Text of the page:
Comments about ‘Caught in the dark: What Sandy can teach you about preparedness’

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Published: Tuesday, Oct. 30 2012 7:17 p.m. MDT

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Third try screen name
Mapleton, UT

About those generators. The portables are handy, but require maintenance. Fuel with ethanol has a shelf life of 90 days. After that it starts to damage the generator. You can't store it for a year and then expect it to work. Run it monthly and drain the fuel every three months.
Are you willing and disciplined enough to start it up every month?
As for placement, think of it like a gas lawnmower. Would you run it in the house? Would you be able to get to sleep with it running outside your bedroom window? Position it away from the house to prevent CO poisoning. Shelter it from rain. And baffle it to lower the noise level.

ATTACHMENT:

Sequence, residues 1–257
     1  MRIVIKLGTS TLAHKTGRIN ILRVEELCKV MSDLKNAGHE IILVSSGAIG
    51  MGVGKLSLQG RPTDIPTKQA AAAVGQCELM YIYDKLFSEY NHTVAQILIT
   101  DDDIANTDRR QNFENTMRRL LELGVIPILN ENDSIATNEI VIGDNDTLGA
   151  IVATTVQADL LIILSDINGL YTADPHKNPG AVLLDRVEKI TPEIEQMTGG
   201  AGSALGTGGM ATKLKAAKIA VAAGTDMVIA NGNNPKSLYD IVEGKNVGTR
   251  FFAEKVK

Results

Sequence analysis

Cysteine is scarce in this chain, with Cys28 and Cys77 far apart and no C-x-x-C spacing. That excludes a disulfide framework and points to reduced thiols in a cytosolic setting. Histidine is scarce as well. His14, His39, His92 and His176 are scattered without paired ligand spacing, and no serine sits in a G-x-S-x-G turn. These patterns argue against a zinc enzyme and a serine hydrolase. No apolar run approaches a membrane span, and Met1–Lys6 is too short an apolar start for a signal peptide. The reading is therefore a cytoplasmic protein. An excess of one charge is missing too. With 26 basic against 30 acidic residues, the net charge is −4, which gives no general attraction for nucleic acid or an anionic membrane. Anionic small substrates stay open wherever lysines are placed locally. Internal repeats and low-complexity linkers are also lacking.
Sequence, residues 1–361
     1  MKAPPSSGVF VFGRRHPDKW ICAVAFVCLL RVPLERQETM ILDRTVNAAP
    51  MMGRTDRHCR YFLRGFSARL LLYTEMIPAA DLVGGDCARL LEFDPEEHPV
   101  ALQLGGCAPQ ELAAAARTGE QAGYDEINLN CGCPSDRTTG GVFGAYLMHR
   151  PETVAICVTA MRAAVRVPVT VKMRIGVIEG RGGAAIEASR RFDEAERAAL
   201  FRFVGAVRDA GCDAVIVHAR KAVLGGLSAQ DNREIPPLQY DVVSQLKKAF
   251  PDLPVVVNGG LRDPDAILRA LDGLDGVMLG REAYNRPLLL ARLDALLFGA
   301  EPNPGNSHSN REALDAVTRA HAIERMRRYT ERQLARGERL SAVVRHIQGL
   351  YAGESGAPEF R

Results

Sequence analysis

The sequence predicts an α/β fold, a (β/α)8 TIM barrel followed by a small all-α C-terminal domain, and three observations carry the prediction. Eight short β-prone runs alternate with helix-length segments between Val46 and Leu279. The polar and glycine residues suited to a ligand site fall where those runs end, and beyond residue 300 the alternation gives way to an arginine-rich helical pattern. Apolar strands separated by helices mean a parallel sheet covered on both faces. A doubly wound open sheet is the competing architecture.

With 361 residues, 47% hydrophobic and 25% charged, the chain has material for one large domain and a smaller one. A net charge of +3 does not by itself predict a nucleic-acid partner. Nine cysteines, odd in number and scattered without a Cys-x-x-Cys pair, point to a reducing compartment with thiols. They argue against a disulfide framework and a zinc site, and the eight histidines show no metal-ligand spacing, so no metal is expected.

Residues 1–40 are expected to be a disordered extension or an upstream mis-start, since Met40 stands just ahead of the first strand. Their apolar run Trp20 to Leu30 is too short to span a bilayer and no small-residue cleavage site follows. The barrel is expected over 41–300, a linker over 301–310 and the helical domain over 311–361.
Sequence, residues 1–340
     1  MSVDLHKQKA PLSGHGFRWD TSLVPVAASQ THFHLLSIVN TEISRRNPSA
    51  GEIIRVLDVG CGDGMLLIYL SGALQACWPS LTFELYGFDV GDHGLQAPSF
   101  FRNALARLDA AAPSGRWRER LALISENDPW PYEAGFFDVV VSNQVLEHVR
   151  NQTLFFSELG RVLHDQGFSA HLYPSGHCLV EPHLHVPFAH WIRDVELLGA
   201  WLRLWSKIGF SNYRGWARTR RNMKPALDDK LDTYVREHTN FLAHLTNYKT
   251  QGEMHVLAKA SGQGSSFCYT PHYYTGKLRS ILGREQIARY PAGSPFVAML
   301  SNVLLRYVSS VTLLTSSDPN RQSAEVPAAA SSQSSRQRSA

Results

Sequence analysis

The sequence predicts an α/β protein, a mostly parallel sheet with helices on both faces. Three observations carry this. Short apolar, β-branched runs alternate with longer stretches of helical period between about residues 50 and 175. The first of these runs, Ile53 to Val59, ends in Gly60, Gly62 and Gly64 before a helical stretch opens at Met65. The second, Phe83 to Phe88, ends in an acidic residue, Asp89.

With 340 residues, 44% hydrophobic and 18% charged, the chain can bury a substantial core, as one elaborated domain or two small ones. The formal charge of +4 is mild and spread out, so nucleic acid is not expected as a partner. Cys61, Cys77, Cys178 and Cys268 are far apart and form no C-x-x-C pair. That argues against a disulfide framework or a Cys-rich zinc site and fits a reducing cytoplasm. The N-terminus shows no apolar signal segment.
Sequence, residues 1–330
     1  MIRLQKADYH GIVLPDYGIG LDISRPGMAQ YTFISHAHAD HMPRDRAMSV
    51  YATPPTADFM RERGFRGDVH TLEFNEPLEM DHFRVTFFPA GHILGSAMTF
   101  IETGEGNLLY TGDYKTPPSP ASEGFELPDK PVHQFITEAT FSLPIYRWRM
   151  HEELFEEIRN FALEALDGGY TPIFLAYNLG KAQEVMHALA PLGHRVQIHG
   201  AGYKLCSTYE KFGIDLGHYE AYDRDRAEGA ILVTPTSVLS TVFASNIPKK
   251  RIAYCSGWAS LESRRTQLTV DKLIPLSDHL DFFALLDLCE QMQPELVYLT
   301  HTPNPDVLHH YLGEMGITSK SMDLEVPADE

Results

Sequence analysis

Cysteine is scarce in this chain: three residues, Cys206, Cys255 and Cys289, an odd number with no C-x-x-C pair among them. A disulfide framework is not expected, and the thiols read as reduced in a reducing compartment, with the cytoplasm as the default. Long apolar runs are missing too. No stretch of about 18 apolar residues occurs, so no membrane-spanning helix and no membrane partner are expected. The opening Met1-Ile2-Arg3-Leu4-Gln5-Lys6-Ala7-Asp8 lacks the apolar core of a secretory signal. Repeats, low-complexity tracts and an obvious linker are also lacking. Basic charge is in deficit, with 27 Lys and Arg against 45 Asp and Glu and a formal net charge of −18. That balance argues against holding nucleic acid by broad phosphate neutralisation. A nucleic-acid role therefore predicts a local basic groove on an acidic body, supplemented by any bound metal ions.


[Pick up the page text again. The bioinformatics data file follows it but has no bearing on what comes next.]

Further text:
Expect it to keep your food from spoiling, run a few lights and allow you to cook. Don't expect it to run the home theater or your new furnace. The power isn't pure enough for sophisticated electronics.
I'm guessing the portable generator craze will be much like the kerosine heater craze. They require some PM and most of us aren't willing to keep them up.

Go Big Blue!!!
Bountiful, UT

Generators can be modified to run on propane or natural gas. These fuels burn cleaner and propane stores much better than gasoline. I have a 6,800 watt portable unit that will run my home furnace blower and keep my fridge and deep freezer going.

Third try screen name
Mapleton, UT

Go Big Blue is correct. You will still need to deal with the noise, sheltering and the CO, and you will be starting it yourself, but tapping in to your home's gas or propane eliminates the gas tank and associated problems.

RedShirt
USS Enterprise, UT

I like the idea of using solar panels for backup power. In the event of a disaster the generators are going to be audio beacons attracting every unprepared person within a 1/2 mile.

I do recognize that solar panels won't work at night, but if I can keep the fridge and freezer cold during the day, they will keep the food cold through the night.

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